First watch: Tusayan residents, Coconino County Sheriff's Office gather for inaugural neighborhood watch meeting

Jon Paxton, community programs planner for the Coconino County Sheriff's Office, leads Tusayan residents through the Ready, Set, Go! program. (Erin Ford/WGCN)

Jon Paxton, community programs planner for the Coconino County Sheriff's Office, leads Tusayan residents through the Ready, Set, Go! program. (Erin Ford/WGCN)

TUSAYAN, Ariz. — The Coconino County Sheriff’s Office traveled to Tusayan March 8 to conduct the first neighborhood watch meeting since residents began developing the program last month.

Jon Paxton and Alexandra McArthur, who serve as community deputies for the area, were on hand to introduce themselves, discuss the department’s new Ready, Set, Go! emergency preparedness program and try to answer any resident questions or concerns.

The deputies stressed that residents should report any behavior they find suspicious, even if their first instinct might be to dismiss it or assume someone else has notified authorities.

“If you see something out of the ordinary, just give us a call and let us know,” McArthur said. “If there’s a guy walking around camper village in a black hoodie not making eye contact with anyone, that’s suspicious. If a car peels out of a parking lot at a high rate of speed, that’s suspicious. Don’t hesitate to call us thinking we may not respond in time — I might be right around the corner.”

For occasions when she’s not right around the corner, McArthur said all law enforcement officers in the area help each other out, including the NPS law enforcement rangers and the Department of Public Safety (DPS).

McArthur said if she’s unable to get to the location, she can call on rangers or DPS trooper Shaun Shields, who lives in the area.

The deputies also stressed that a non-emergency line is available for reporting concerns, such as a vehicle continuously speeding through a residential area, but should residents feel unsafe or see something like a wildfire to call 9-1-1 immediately.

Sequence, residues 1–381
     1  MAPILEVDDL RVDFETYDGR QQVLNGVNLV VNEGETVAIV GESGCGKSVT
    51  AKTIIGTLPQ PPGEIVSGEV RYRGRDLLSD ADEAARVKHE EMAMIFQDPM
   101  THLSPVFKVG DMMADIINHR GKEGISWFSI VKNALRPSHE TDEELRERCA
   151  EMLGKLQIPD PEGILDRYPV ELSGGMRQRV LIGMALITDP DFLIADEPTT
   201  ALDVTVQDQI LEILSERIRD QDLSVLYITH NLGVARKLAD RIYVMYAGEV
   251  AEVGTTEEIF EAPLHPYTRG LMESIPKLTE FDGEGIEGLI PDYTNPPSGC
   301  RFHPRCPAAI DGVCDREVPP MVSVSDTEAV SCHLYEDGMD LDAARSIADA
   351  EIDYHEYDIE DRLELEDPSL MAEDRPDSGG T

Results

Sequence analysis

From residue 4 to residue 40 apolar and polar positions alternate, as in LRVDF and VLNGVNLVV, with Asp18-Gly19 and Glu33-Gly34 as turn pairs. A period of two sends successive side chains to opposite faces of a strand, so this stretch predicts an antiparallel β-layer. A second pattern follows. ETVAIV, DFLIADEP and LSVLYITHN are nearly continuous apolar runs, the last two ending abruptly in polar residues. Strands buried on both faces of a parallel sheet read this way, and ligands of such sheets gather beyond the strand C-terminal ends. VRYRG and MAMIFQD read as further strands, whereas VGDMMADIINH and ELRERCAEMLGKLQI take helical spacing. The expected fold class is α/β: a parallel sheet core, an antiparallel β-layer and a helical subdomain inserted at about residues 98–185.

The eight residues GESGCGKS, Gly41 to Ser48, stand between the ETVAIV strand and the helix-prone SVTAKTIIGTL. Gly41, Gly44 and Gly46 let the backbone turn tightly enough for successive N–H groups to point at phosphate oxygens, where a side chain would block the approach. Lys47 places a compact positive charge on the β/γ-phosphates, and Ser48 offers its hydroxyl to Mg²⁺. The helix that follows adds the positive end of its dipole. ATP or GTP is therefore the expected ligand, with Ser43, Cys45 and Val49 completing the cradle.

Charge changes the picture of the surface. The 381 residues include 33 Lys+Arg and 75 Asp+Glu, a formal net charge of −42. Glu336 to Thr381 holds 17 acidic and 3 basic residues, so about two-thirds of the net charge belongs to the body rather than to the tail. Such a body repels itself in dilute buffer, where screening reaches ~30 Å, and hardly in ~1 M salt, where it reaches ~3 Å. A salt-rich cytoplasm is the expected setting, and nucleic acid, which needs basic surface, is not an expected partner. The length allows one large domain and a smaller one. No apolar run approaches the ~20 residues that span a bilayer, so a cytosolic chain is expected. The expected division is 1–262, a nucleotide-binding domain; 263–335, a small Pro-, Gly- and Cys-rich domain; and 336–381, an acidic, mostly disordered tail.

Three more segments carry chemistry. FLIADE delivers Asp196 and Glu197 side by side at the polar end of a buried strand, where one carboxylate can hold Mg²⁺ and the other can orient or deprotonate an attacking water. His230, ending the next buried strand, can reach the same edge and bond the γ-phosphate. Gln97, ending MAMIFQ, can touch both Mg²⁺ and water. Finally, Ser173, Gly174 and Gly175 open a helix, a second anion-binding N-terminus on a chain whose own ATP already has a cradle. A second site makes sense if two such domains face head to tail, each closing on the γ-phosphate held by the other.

McArthur and fire department assistant Chrystal Schoppmann also emphasized calling the fire department immediately in case of a a wildland fire or an abandoned campfire — don’t assume that someone is coming back to the campsite or that another witness has already contacted authorities about a fire. Schoppmann said between the department and the Forest Service, about a dozen unattended campfires had to be extinguished last year.

Fire Chief Greg Brush said although it’s early, the fire season has already begun this year with a fire caused by a crashed drone on Kendrick Peak near Flagstaff. Brush said the department is available to assist residents with safeguarding their homes against wildland fires. Precautions include clearing gutters of pine needles and debris, storing woodpiles away from the walls of the home and having chimneys cleaned at least once per year.

Because the threat of a wildland fire looms large in an abnormally dry, warm year, Paxton introduced the department’s Ready, Set, Go! program. The program is designed to help residents prepare in advance for an emergency situation that may require evacuation.

“The sheriffs of Arizona have partnered with the fire community and emergency management to provide information to help the public and our communities prepare for situations that could result in evacuations,” said Sheriff Jim Driscoll in a news release.

The program prompts residents to prepare for the possibility that a threat, such as a fire, much cause the area to be evacuated. Paxton said preparing what he calls a “go bag” can be invaluable in case of an emergency.

“It’s important to have items in a bag and ready to go so you can just pick it up and walk out the door,” he said.

Paxton recommends having important files, such as passports, driver’s licenses, mortgages and other important papers backed up on a flash drive in the bag. He also said it’s a good idea to follow the five P’s: people and pet supplies, prescriptions, papers, personal needs and priceless items.

It’s also important to sign up for the Coconino County Code Red alert system, which will send an automated message to cell phone numbers you provide in the event of an emergency. Paxton said numbers provided are secure and will only receive alerts from their immediate area.

The program recommends voluntarily relocating to an unaffected area with relatives or friends if there is a significant threat. Should the threat become an imminent danger, law enforcement personnel will begin evacuating the area, and residents should be prepared to leave. Paxton said the department can’t force you to leave, but strongly recommends evacuating before it’s too late.

Neighborhood watch meetings will be held at Tusayan Fire Department every second Thursday of the month at 5:30 p.m. Community members are encouraged to attend.

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